The single parent problem

As a product of a single-parent household, I know firsthand some of the challenges such parents face. While my mother became a single parent through the death of my father, there are many situations where it is not death that places the burden on one parent, but uncertainty about paternity, migration, divorce, separation and more often the unwillingness of one parent, typically the father, to take responsibility for their children.

Single-parent households and especially those headed by single women are prevalent in our society. We have long seen many men philander and impregnate women and then refuse to take responsibility. Some of these men proudly declare that the child or children belong to them but still refuse to take part in their upbringing. In many cases, it is not that they are financially incapable but because of selfishness and ignorance about how their absence could affect the overall wellbeing of the child. Some may, however, be unfit to invest in the holistic welfare of their children, even if they were willing, because they themselves may have a need for healing. We live in a society where many of our people are uncomfortable or unsure of how to express love. Whether the root is the dysfunctional relationships between many parents and children—where many children are abused in the name of discipline—the affectionate faculties of many are severely damaged. And so our children continue to suffer…..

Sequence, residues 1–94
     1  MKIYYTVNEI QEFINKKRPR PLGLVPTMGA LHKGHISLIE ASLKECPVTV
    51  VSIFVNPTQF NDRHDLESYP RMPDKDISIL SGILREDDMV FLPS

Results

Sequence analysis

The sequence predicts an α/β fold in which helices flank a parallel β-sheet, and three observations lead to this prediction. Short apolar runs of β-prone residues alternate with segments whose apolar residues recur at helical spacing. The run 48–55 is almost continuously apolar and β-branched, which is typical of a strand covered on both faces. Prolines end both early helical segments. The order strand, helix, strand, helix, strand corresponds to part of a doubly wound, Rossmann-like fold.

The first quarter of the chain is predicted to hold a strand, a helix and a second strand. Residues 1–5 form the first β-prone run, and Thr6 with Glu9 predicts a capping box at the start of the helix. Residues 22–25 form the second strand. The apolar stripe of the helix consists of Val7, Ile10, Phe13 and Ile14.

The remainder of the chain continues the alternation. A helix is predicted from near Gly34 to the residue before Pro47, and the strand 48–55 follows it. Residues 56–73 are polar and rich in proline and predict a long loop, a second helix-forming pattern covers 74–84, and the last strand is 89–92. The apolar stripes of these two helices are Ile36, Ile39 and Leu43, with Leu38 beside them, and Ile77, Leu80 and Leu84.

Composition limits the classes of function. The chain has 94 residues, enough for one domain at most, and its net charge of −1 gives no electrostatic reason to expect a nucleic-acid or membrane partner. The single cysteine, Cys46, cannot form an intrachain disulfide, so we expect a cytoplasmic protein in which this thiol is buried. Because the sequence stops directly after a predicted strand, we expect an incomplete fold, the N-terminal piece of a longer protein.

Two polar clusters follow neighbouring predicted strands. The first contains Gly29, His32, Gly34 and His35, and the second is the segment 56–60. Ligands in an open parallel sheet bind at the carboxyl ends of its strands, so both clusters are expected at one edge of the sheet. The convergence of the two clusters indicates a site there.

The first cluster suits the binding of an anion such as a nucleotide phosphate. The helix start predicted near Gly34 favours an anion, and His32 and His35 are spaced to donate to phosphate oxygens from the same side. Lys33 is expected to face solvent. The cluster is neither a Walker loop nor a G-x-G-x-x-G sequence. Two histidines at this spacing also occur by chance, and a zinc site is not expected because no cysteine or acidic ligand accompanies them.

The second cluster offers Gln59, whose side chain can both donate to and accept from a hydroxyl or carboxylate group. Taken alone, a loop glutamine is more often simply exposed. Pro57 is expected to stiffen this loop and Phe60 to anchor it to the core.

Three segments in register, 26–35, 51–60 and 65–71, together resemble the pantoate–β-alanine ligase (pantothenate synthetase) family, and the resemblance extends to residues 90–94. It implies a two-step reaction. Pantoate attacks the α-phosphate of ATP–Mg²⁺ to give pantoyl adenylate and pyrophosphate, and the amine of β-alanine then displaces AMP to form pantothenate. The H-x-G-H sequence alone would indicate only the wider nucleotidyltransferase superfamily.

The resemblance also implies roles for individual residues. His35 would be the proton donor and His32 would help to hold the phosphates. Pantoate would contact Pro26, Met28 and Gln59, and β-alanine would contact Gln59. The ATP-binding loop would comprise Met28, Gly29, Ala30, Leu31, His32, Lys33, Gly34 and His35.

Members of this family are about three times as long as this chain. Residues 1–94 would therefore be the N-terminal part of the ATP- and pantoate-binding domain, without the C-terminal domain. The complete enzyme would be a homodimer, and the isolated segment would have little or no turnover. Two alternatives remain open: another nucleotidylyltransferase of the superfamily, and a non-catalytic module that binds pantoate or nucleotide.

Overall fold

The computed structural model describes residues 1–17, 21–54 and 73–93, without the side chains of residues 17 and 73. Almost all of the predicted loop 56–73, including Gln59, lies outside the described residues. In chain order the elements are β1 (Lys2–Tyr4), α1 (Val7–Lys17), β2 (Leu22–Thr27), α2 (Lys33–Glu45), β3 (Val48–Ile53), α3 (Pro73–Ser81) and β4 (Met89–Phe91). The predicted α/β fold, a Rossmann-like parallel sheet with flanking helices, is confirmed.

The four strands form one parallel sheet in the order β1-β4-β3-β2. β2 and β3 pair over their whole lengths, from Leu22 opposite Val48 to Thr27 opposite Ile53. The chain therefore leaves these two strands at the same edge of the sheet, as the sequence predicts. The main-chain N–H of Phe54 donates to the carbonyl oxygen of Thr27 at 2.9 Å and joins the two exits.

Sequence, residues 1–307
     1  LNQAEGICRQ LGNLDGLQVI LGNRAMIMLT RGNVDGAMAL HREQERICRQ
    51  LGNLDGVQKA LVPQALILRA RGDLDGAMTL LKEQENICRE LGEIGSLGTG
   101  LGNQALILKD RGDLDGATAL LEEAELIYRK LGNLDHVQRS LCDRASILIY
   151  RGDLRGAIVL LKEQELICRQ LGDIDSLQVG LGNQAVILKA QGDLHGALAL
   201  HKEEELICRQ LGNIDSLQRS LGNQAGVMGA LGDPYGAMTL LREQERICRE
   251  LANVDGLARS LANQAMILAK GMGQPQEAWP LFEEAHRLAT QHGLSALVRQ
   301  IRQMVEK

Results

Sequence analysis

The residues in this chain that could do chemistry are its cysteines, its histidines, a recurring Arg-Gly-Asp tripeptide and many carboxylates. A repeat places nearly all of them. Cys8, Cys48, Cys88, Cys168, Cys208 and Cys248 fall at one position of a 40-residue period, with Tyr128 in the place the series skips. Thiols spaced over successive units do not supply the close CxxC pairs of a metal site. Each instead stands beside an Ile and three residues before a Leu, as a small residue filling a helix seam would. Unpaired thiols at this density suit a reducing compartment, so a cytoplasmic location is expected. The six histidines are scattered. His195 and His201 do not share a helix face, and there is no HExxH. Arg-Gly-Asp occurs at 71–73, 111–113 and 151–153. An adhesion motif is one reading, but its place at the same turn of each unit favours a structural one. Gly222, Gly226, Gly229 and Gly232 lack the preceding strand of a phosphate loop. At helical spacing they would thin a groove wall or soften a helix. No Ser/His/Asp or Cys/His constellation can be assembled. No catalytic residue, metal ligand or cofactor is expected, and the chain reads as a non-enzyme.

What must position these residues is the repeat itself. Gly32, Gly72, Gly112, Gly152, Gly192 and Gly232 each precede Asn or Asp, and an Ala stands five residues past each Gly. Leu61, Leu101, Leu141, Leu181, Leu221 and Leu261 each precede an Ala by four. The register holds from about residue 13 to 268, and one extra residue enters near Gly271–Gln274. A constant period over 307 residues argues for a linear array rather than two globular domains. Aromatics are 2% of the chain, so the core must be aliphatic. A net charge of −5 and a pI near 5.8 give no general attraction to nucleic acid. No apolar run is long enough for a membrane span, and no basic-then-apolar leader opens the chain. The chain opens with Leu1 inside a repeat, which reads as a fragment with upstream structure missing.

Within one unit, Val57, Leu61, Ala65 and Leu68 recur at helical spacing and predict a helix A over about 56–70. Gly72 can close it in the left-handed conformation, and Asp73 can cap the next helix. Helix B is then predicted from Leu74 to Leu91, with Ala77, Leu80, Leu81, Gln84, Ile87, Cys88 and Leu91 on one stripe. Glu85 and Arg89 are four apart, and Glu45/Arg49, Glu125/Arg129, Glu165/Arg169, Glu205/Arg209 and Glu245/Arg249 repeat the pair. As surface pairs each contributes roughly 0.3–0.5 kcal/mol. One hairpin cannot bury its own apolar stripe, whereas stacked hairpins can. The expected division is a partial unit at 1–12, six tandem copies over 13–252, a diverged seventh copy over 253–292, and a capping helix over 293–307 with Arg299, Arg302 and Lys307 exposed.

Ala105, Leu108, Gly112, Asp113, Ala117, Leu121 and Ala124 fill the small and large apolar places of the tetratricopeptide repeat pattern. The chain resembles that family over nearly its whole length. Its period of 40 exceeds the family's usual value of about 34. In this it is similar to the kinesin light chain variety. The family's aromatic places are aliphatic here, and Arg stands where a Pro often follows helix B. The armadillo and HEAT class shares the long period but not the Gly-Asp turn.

Spare the rod

The Convention on the Rights of the Child was adopted by the United Nations in 1989 and approved by the Government of Guyana in 1991.

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Moving social cohesion beyond words

A woman of African descent wrote on social media this week, “Amerindians are animals and should go back to the bush.” The post resulted in people of all ethnicities condemning her and the condemnation in part saw her being subjected to racial slurs.

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Averting disasters of our own making

Often when phenomena such as natural disasters occur many voice the view that the world will soon reach its end.

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A praying nation

We often ask people, “How are you?” Though, in many cases, we don’t really care about the answer.

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Legalise it

Most people who use marijuana in Guyana consume by smoking the herb. It is not only members of the Rastafarian community who engage in the practice, which is sacred to them, but people of every class, religion, ethnicity and gender.

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